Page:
Lorry procession sends off transport boss Mick Aldridge after death aged 69
A well-known Wolverhampton transport boss was given a fitting send-off by a lorry convoy after his death aged 69.
A procession involving two custom-painted trucks led Michael 'Mick' Aldridge to Stafford Crematorium, where around 70 people attended.
Mick, who died of cancer aged 69, was described as a "hard-working and loving" man who would "do anything" for his family and friends.
The procession had a special touch with two hand-painted trucks, owned by Mick, taking part.
One was inspired by the Great Train Robbery - the daring raid which took place in 1963 - and the other was based on the The Highwayman novel.
Mick, who was born and raised in Wolverhampton before moving to Penkridge, leaves behind his children, grandchildren and wife Dianne, 70.
Mick began his Wolverhampton-based business Mick Aldridge Transport Ltd in 1992 and ran it for 27 years, growing it into a successful family company that operates five trucks.
It will now be taken over by his 42-year-old daughter Joanne Moore, from Cannock, and Lee Aldridge, 40, from Willenhall.
Joanne said: "I am shocked by how many people have contacted us to pay their respects and our family have been inundated with messages.
"My father was honest, he worked hard, he loved his company and his family and he would do anything for anybody.
"He was a general hauler. When dad first got cancer six years ago - he was a fan of The Great Train Robbery - he said 'life is too short' and I will get the lorry painted up.
"He bought a new lorry and a gentleman called Adam did all the artwork by hand."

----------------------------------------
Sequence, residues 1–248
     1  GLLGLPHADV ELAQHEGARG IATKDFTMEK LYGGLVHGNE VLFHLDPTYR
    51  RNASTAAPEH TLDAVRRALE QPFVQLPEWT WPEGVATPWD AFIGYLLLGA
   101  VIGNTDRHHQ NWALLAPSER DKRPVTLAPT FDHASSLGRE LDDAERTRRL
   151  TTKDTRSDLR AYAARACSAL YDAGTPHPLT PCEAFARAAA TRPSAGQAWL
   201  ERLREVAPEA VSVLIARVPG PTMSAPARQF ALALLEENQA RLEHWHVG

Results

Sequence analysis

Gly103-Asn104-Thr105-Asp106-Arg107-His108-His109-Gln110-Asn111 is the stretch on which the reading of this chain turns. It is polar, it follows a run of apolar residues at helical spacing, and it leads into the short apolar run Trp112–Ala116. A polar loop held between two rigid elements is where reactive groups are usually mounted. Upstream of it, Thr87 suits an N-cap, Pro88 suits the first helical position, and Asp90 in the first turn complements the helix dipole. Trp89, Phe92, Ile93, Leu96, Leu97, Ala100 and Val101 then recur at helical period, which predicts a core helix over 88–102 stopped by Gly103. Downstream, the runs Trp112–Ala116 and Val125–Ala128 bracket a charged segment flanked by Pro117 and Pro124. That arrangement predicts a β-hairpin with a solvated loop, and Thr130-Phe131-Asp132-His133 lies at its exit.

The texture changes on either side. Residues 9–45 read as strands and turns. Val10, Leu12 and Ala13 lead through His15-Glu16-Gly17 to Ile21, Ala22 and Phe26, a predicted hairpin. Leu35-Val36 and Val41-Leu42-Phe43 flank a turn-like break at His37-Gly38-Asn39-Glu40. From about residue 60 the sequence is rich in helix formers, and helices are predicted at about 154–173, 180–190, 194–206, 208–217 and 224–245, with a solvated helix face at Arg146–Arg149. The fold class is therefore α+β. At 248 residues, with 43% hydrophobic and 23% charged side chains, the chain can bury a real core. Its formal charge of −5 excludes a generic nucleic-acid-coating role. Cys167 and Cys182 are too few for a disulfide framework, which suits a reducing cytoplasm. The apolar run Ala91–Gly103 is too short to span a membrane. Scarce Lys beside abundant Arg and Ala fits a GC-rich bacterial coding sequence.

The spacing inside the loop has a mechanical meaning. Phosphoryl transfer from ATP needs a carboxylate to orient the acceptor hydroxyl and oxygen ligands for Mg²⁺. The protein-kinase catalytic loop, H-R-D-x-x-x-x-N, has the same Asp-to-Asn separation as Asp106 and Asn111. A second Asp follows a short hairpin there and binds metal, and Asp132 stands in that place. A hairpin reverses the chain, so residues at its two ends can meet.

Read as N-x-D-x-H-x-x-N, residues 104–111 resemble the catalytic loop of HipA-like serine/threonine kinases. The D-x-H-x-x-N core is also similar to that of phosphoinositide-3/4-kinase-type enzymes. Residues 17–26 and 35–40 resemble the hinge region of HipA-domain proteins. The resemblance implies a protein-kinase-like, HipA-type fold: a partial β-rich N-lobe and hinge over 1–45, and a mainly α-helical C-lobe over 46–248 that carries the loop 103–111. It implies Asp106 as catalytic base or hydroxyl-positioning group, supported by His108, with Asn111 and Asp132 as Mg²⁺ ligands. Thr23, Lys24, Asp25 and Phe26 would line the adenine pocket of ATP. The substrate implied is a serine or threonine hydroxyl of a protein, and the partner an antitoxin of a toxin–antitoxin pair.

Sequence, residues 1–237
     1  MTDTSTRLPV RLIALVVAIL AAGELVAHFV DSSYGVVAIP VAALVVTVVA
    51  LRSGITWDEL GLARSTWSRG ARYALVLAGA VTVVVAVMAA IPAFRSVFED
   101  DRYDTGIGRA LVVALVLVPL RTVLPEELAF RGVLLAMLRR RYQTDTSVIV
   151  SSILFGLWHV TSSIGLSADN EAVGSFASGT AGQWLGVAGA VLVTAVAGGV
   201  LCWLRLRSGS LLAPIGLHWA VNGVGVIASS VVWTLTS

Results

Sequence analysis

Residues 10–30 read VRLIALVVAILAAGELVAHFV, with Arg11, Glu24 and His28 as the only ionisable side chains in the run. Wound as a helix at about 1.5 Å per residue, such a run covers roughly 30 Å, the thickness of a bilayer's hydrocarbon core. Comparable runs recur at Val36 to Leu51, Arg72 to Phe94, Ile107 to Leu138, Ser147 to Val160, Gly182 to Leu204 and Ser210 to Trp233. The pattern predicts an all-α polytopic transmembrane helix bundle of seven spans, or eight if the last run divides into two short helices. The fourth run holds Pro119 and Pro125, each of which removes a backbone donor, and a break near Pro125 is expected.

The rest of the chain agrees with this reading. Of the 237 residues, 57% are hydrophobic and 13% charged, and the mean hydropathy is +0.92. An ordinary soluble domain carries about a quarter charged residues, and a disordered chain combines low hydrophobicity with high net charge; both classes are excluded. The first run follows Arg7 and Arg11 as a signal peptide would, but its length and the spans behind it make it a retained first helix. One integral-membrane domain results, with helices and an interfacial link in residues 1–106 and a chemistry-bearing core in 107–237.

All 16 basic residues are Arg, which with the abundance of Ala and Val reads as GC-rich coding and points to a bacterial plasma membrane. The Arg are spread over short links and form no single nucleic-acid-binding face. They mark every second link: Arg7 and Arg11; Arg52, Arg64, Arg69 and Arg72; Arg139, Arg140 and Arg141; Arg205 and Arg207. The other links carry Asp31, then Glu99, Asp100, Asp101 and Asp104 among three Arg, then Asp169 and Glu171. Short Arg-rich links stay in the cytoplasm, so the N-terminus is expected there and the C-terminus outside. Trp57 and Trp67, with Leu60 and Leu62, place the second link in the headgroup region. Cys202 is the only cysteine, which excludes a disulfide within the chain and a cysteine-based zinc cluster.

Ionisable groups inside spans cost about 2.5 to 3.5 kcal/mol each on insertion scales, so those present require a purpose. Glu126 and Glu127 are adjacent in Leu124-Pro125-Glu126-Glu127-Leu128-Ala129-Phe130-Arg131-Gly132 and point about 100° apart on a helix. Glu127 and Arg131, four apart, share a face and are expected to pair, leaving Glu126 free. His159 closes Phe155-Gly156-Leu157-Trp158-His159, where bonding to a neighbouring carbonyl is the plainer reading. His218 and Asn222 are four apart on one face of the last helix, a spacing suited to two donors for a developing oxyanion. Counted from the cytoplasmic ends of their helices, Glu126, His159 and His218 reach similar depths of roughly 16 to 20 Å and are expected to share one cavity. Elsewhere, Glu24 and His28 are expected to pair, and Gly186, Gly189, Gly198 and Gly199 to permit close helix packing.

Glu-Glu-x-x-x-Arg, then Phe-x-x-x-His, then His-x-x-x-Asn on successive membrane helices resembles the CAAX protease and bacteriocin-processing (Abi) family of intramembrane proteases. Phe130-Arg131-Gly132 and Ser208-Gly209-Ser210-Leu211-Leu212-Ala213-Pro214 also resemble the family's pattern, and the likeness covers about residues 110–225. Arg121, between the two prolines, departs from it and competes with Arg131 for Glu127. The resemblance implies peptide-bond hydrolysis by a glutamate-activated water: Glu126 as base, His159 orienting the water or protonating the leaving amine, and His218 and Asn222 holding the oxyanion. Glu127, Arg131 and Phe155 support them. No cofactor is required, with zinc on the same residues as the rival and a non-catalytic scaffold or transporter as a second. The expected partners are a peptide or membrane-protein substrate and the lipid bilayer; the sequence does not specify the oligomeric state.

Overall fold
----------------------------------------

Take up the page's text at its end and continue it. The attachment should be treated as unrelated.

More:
The funeral procession took Mick from his home in Penkridge to Stafford Crematorium. One of the lorries drove at the front, leading the hearse carrying Michael, and the other brought up the rear.
A wreath was laid at the crematorium in his memory with a note, which read: "Card out Mick. Your shift is over.
"RIP. You will be sadly missed. Craig, Mal, Andy, Kev, Dean & Nick."
Once at the crematorium, there was a private service which was held for family and friends.
Joanne continued: "The funeral went perfect, it couldn't have been better.
"Just before the lorries turned into the crematorium, they blew their horns. Then you could have heard a pin drop.
"So many people came up to us and said the funeral was perfect. It was Mick all over. Some said they have never been to a funeral like it before."
Mick, also a haulage driver, began with Mainline Haulage, Wolverhampton, in 1976.
His family extended a thanks to Maguire Funeral Directors from Hednesford.
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